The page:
2013 National Advanced Biofuels Conference & Expo agenda released

By BBI International | July 09, 2013

The 2013 National Advanced Biofuels Conference & Expo, taking place September 10-12, 2013, in Omaha, Neb., announced its preliminary agenda this week.  With three comprehensive program tracks titled Pathways & Partnerships, Inputs & Supply Chains and Money & Markets, this year’s event will feature nearly 70 advanced biofuels presentations on technology scale-up, bolt-on considerations, emerging feedstock opportunities, project development, policy, renewable identification number (RIN) markets and more—with a core focus on opportunities for America’s existing fleet of biofuels plants to produce advanced biofuels in the near term.   

Presentation topics include:

- Technologies accelerating the commercialization of advanced biofuels

- The race to perfect the conversion of corn fiber to cellulosic ethanol

- Considerations producers must make when considering bolt-on technologies.

- The critical nature of the Renewable Fuels Standard

- The techno-economics of cellulosic ethanol production

- Bringing sorghum and energy beets into play for advanced biofuels production

- Leveraging biogas operations for the generation of advanced biofuels RINs

- Efforts to bring aviation biofuels into commercial production

- Updates on algal biofuels research

- Producing advanced biofuels from woody and high lignin biomass

"We couldn't be more excited to be bringing the National Advanced Biofuels Conference & Expo to Omaha. If you consider the incredible density of next-generation and advanced biofuels activity within 200 miles of Omaha, it becomes difficult to imagine a better venue for this important annual conversation,"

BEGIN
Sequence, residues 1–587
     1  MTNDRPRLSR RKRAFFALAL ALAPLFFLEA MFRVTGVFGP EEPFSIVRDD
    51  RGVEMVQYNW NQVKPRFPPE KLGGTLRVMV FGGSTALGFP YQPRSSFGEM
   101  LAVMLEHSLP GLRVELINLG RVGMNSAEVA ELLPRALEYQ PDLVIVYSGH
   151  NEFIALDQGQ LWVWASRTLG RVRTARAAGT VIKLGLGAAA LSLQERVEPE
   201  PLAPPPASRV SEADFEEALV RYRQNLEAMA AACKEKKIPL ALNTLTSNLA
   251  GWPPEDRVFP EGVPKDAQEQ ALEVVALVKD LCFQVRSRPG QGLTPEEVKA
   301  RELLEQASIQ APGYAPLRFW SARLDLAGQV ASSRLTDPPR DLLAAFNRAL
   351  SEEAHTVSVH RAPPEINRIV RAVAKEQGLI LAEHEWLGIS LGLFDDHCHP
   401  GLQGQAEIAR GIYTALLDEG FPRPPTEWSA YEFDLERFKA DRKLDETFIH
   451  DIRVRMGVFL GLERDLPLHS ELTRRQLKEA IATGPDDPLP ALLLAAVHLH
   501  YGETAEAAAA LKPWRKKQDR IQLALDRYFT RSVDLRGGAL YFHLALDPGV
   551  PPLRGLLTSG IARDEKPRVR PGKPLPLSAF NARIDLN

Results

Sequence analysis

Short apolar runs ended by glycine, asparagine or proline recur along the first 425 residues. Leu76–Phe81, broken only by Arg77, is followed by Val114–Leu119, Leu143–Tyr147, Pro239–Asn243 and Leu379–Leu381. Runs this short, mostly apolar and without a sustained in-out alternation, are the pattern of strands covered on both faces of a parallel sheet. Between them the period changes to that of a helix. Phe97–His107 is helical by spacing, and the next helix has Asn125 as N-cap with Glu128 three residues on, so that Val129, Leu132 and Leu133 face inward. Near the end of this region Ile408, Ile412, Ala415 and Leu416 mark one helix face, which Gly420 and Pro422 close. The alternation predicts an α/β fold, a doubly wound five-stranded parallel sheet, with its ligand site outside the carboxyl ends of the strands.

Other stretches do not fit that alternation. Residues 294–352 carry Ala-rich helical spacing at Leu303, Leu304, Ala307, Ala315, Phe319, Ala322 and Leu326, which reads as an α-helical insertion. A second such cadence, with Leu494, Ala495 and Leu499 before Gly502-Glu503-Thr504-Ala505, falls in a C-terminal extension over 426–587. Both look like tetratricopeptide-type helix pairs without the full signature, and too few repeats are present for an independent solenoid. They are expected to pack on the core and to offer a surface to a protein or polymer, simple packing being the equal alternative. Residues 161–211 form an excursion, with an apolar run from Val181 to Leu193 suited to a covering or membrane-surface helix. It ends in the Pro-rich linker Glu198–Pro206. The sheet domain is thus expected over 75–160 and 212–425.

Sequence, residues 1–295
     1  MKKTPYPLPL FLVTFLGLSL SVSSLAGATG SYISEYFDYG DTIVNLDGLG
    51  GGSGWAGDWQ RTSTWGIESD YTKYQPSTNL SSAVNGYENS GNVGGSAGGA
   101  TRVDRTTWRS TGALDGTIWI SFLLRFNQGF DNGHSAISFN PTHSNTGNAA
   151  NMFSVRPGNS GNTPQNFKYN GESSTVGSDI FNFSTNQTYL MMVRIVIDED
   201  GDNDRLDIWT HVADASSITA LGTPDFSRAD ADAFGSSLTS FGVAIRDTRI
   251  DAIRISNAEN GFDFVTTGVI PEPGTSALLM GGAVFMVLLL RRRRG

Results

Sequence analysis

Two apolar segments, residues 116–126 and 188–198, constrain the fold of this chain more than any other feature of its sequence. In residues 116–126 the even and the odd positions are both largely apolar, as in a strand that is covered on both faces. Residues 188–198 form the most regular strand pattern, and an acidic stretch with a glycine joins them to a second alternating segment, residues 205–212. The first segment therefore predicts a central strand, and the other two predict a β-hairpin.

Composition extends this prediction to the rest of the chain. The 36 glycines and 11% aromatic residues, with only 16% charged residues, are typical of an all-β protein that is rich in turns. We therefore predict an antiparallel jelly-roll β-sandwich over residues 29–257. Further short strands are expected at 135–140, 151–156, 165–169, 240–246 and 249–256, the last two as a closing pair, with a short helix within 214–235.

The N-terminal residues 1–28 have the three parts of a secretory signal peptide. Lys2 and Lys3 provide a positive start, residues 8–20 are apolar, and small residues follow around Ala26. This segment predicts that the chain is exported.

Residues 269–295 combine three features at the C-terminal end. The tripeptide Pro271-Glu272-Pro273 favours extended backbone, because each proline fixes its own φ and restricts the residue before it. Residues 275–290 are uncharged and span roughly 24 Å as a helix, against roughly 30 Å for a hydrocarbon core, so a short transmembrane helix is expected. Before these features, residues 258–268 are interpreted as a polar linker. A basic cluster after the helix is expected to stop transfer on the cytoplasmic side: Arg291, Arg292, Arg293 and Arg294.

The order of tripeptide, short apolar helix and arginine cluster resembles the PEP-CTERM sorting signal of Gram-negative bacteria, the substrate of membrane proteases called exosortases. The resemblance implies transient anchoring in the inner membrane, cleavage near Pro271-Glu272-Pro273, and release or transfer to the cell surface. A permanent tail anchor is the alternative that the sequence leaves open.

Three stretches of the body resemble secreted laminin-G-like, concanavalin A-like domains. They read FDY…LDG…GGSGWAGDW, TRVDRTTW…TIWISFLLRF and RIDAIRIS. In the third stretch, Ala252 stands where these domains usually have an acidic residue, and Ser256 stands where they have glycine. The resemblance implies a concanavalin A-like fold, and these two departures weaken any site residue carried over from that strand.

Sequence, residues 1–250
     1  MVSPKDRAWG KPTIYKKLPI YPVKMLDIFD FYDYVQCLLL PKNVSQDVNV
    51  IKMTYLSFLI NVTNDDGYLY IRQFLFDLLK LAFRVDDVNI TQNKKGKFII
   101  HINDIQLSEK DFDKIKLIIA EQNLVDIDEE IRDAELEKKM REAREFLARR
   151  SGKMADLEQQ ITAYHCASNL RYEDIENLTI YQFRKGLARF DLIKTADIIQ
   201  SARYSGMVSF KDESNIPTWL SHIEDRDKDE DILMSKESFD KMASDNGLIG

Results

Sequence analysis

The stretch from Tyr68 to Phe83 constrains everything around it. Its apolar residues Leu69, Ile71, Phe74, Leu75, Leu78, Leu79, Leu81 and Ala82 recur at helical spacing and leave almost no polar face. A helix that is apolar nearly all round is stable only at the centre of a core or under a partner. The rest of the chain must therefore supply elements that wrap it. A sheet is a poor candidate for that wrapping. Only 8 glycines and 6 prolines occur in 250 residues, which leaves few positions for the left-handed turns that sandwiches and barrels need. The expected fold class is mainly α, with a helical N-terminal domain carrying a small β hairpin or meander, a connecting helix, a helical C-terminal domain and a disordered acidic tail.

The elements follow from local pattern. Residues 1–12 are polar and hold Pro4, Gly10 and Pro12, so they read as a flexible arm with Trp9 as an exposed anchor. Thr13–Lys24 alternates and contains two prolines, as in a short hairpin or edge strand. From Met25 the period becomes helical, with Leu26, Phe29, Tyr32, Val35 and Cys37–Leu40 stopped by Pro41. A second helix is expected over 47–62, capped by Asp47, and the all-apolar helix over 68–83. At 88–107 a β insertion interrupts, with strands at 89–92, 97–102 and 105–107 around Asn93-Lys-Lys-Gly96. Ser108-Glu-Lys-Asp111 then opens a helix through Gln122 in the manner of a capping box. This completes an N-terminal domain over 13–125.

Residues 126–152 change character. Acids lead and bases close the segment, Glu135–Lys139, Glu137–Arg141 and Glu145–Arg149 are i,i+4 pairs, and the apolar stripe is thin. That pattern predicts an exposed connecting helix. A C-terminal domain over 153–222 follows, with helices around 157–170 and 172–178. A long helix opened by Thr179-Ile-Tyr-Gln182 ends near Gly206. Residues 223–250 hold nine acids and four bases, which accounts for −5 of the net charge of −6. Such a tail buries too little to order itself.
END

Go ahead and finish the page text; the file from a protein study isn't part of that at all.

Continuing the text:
said Tim Portz, vice president of BBI International. “Our comprehensive agenda will cover the progress towards the commercialization of advanced biofuels and the innovations occurring in the industry.  

Attendees and exhibitors will include hundreds of professionals in key sectors including biofuels and biobased chemicals production; agribusiness; petroleum and petrochemical refining; pulp and paper milling; food processing; waste management; finance; aviation; government/military; research and academia.

To view online agenda visit:





1 Responses

  1. Daniel



    The positive news with the scteloric economy/cheap fuel environment is that corn-based ethanol producers are struggling. Vera Sun Energy filed for bankruptcy last year, recently filed, and Panda Ethanol - what's suppose to be the biggest ethanol plant in the U.S. - .In other news, Brazil, an efficient, self-reliant producer of sugar cane-based ethanol - and a rising oil superpower - has been nudging the U.S. to . There's also been some positive developments with (this link is listed in a previous comment on a prior post).BTW - anybody paying close attention to Brazil's oil developments should eye . Angola has sub-salt formations very similar to Brazil's, and South America's rising star is taking notice, and is taking interest is assisting Angola with exploration. The uncertain question is: "Could Angola become the next Brazil, or another Nigeria (which it pretty much is already)?"All-in-all, corn-based ethanol is nothing more than a Frankenstein creation propped up on life support of the U.S. government. The process of making it is inefficient, yielding little net-energy gain; it requires extensive land, gluttonous amounts of water plus petroleum-based fertilizers and pesticides. It needs to buried in the compost pile.


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